I have completed my work on Book 8 of the Analects of Confucius, at least for now. Talk about a long hot summer! I’m not sure I ever really recovered my enthusiasm for the text after having to battle through five chapters of the follower Zengzi early on in the book. Why spend time on the stilted prognostications of a pale imitation of the sage when you can go direct to the source?
Myths and counter-myths
The most enjoyable part of reading the book was digging through the myths and counter-myths surrounding the legendary sage kings Yao, Shun, and Yu in the final five chapters. Were these three men truly the paragons of leaderly virtue that Confucius praises to the skies? Did Yao and Shun really voluntarily cede power to their hand-picked successor rather than keep it in the family? Or were they summarily kicked off the throne when they became too old and weak to maintain their grip on it and bundled off into exile or prison?
For what it’s worth, I believe that the darker side of the narrative is more likely and the stories of Yao and Shun abdicating were made up by their successors to bolster their claim to legitimacy. Still, the myth of the virtuous ruler giving up power of their own accord to a better man for the job is an extremely powerful one. It’s certainly not one that is found in European history, where primogeniture was, and indeed still is the order of the day, for royalty and nobility. Even under China’s dynastic system, the successor to an emperor wasn’t necessarily his oldest son.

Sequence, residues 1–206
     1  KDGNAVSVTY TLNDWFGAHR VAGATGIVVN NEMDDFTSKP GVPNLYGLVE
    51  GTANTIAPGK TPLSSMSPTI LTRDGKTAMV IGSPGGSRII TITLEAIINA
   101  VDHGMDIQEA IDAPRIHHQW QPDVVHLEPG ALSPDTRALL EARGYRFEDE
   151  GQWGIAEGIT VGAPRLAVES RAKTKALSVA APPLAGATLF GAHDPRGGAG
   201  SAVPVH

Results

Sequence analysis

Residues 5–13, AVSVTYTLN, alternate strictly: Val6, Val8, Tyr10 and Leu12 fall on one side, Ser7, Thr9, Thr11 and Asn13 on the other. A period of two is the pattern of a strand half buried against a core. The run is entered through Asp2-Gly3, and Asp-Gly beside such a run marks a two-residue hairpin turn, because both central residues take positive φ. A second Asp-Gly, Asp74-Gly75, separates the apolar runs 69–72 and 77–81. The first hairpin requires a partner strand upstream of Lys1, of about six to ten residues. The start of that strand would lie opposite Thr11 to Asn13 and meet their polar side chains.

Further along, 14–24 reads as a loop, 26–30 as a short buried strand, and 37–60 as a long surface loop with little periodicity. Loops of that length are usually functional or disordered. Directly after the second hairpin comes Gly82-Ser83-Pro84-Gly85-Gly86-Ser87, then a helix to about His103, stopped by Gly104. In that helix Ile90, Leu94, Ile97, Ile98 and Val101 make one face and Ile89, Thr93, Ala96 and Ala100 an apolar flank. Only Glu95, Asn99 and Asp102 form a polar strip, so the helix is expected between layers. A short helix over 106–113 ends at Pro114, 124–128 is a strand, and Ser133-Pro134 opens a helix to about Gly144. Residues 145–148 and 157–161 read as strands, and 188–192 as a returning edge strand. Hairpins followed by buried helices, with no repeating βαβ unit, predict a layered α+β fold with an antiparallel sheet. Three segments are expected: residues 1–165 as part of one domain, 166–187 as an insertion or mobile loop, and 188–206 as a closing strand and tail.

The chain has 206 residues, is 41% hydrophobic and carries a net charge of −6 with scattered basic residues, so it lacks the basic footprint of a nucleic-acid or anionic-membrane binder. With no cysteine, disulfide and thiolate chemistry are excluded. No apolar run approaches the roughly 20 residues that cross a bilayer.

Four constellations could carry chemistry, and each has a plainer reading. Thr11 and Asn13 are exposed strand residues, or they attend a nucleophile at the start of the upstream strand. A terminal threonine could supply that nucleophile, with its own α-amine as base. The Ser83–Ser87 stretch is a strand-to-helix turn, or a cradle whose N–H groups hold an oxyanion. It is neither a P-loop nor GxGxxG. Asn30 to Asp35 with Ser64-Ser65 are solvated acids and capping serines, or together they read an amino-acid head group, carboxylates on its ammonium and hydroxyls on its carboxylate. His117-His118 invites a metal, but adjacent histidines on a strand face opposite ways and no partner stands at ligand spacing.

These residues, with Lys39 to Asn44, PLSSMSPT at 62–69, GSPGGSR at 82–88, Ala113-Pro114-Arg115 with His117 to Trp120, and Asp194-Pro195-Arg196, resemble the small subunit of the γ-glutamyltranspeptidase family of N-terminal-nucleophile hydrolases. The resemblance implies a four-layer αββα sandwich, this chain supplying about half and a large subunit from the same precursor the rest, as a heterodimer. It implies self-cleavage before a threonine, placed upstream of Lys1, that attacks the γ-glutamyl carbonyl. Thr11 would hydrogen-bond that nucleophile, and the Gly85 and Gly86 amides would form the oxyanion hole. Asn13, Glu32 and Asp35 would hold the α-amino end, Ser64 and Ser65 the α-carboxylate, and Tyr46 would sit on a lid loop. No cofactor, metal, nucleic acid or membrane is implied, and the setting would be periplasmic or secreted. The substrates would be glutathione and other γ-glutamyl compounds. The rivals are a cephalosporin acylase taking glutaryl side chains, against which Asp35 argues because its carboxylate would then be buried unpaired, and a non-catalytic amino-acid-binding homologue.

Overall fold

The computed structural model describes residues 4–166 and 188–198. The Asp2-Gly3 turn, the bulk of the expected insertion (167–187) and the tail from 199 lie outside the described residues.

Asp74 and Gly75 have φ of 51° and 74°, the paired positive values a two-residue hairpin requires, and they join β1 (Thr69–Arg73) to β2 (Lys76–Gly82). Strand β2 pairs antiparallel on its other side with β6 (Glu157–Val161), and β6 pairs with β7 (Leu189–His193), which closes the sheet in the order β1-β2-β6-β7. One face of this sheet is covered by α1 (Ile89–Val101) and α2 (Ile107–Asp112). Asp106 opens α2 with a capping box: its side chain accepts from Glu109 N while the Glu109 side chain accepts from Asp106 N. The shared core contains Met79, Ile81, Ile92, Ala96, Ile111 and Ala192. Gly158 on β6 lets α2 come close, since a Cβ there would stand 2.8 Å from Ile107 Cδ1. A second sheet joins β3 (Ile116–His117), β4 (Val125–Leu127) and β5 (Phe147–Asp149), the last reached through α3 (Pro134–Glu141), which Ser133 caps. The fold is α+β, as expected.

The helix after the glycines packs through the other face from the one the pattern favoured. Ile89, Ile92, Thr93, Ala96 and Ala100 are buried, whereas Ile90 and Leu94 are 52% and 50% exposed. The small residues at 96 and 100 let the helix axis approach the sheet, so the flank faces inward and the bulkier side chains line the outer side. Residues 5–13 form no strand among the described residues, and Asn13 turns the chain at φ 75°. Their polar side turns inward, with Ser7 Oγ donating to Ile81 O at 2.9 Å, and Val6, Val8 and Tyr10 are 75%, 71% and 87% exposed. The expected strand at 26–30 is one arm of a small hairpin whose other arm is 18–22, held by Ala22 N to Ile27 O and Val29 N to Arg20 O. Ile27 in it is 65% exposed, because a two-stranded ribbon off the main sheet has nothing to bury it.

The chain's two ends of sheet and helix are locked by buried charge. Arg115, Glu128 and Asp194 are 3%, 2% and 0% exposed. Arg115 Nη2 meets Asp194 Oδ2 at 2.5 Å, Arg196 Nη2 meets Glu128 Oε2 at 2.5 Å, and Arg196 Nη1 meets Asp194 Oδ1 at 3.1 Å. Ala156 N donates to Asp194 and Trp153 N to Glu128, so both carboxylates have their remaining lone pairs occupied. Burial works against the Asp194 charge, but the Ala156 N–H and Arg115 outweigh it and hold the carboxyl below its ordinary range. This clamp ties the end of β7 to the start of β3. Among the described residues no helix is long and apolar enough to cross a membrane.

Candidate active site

Ritual and music
One of the great achievements the sage king Yao is celebrated for is the creation of ritual to bind the diverse cultures of his nascent state more closely together. Ritual is of course a key plank of Confucius’s thought, and not surprisingly Book 8 contains a couple of his musings on the topic.
In Chapter 2, he emphasizes the role it can play in making sure people don’t cross the line in their behavior, remarking: “Reverence unregulated by ritual descends into indifference; cautiousness unregulated by ritual descends into timidity; boldness unregulated by ritual descends into disorder; frankness unregulated by ritual descends into hurtfulness.” In Chapter 8, he goes on to advise you to “establish character with ritual” and “achieve perfection” with its close cousin, music – no better example of which he can find than the “rich and beautiful music” of the music master Zhi that fills his ears in Chapter 15.
In the middle section of the book, Confucius offers some wise career development advice that is just as applicable today as it was in his time. After cautioning you to curb your arrogance in Chapter 11, he implies that you shouldn’t rush into taking your first job before completing your education in the next one. In Chapter 13 he emphasizes the importance of choosing the right boss and working environment and follows up in Chapter 14 by telling you to mind your own knitting rather than worry about others are doing.
Despairing of humanity?
There are couple of times in Book 8, however, when Confucius appears on the verge of giving up on humanity – most notably in Chapter 18 when he laments: “I don’t understand people who are reckless and insincere, ignorant and irresponsible, and naïve and untrustworthy.” Perhaps it’s the bone-headedness of his contemporaries that makes him close the book by seeking solace and inspiration of the mythical sage kings of the past!